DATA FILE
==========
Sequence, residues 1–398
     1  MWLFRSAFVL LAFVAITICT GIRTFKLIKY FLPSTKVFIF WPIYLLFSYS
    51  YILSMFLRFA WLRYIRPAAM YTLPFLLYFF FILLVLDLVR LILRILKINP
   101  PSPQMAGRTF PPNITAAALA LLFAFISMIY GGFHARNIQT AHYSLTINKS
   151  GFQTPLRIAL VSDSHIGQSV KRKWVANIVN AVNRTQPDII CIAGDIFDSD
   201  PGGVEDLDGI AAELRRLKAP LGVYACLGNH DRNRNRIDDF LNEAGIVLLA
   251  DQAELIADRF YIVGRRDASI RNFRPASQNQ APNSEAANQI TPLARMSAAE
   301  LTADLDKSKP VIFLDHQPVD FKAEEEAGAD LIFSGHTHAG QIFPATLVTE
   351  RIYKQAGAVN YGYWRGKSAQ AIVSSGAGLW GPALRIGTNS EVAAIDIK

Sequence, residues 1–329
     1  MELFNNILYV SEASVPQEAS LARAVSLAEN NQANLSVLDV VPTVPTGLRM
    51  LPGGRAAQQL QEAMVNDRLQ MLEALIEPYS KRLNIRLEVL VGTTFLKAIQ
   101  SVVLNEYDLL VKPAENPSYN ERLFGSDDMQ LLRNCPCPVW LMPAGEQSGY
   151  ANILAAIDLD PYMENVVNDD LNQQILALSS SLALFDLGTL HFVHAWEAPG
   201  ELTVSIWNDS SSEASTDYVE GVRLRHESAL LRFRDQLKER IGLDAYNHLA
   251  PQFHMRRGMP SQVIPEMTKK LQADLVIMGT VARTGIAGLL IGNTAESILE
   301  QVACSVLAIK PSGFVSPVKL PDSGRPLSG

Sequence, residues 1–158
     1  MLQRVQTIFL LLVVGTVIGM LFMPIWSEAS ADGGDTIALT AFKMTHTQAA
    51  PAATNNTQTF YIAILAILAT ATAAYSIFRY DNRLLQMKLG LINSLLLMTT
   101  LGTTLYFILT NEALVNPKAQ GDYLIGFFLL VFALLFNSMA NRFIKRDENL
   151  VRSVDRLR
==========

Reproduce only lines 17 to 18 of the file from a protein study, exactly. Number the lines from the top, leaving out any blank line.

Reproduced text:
   301  QVACSVLAIK PSGFVSPVKL PDSGRPLSG

Sequence, residues 1–158